NEW BRUNSWICK, NJ – The unions representing thousands of Rutgers employees are on the verge of agreeing to a deal with the university that would overhaul their health care coverage and save workers a combined $40 million in premium costs, a source has told TAPinto New Brunswick.

State officials are also involved in the negotiations that would remove Rutgers employees’ coverage from the often-criticized Chapter 78 program to the same preferred provider organization plan that covers state employees.

An announcement confirming the change in health care coverage could come as early as Thursday, a source has told TAPinto New Brunswick.

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Christine O’Connell, the president of the Union of Rutgers Administrators Local 1766, which represents about 2,500 administrative workers at the university, confirmed Wednesday that a coalition of unions has been in negotiations with the school.

The coalition includes local chapters of American Association of University Professors, Health Professional and Allied Employees, American Federation of State, County and Municipal Employees, Communications Workers of America and others.

A source told TAPinto New Brunswick that the switch in health coverage could save each employee about $1,500.

“It's significant savings, but it's also stabilizing the cost of health care because currently under the Chapter 78 rate, we pay a percentage of the premium, which is independent of anything we ever know,” said O’Connell, who declined to put a dollar amount on the switch. “That’s set annually by the insurance companies and they can go up, they can go down. They have been known to go up year after year. By taking it off a percentage of premium and putting it on a percentage of salary, you're able to budget a little better.”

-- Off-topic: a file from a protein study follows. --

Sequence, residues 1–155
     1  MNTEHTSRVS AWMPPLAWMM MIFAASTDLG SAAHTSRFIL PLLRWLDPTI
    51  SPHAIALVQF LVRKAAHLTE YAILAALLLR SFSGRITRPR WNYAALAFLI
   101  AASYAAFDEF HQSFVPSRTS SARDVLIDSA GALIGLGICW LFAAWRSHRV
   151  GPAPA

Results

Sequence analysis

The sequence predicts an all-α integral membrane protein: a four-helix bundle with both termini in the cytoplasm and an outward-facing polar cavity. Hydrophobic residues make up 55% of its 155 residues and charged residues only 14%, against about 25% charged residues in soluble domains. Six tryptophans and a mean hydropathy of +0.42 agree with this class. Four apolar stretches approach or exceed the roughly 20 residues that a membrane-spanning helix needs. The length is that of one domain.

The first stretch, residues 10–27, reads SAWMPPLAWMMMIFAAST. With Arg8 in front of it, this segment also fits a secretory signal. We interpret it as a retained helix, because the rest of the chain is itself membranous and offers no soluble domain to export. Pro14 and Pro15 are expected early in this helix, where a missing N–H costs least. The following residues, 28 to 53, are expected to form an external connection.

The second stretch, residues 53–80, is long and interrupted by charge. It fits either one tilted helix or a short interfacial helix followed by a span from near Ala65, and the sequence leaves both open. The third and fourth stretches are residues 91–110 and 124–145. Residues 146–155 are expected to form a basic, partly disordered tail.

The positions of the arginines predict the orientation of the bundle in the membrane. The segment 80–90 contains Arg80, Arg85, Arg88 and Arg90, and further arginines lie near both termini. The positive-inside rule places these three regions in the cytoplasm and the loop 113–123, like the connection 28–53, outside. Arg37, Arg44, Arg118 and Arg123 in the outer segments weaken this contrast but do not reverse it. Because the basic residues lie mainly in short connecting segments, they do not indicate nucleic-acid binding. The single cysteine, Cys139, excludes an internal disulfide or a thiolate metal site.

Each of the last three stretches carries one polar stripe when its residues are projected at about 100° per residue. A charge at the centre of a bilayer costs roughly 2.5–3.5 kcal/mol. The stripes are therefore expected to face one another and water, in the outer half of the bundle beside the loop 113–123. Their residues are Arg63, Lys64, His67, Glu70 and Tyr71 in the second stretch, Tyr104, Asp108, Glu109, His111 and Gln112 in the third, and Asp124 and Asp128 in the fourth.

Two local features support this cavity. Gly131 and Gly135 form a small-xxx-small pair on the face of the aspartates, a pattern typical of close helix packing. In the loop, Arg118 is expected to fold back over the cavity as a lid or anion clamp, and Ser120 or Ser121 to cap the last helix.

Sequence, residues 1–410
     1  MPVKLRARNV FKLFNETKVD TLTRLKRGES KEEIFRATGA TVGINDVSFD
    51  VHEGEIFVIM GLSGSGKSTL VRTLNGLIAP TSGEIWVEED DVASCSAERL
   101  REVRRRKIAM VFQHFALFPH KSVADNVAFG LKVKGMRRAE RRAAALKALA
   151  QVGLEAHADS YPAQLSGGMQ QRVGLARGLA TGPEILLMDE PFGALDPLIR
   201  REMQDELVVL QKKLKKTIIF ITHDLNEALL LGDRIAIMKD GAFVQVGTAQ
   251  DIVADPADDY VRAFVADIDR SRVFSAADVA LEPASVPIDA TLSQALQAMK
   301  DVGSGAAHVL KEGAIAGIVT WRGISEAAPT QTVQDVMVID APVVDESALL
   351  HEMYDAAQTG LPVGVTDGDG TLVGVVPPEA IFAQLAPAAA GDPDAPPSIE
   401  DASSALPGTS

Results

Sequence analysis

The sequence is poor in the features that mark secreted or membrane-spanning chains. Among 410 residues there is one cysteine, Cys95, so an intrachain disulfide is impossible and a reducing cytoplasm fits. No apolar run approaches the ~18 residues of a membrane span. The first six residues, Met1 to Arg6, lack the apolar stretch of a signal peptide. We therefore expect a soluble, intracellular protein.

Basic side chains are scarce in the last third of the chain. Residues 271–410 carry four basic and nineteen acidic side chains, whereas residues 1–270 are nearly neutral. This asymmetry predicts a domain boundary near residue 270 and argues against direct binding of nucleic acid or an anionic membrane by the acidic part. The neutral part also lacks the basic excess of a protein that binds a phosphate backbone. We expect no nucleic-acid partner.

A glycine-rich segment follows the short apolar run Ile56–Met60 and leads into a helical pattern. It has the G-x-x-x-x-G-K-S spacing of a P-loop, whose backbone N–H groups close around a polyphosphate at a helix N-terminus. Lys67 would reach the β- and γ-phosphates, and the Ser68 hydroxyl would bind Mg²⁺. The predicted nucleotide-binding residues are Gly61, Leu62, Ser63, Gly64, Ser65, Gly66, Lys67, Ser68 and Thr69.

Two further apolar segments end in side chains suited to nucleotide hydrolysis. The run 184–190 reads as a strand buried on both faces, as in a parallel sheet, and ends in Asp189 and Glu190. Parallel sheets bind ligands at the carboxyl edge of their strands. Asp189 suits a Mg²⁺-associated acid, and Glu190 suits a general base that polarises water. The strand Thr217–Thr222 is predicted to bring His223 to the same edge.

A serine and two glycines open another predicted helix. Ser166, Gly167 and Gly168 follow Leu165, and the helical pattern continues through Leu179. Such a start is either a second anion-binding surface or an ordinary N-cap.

The Chapter 78 program was championed by former Gov. Chris Christie as a way of saving New Jersey taxpayers about $1 billion. In effect, it forced teachers, police officers and other state employees to pay more into their health coverage.

Gov. Phil Murphy has sought to reverse that. In July, he signed a bill to overhaul the health care benefits for teachers in New Jersey that will lower their premium.

Senate President Steve Sweeney’s office said the plan will save school districts $640 million a year, with another $404 million in savings for teachers and $30 million for the state.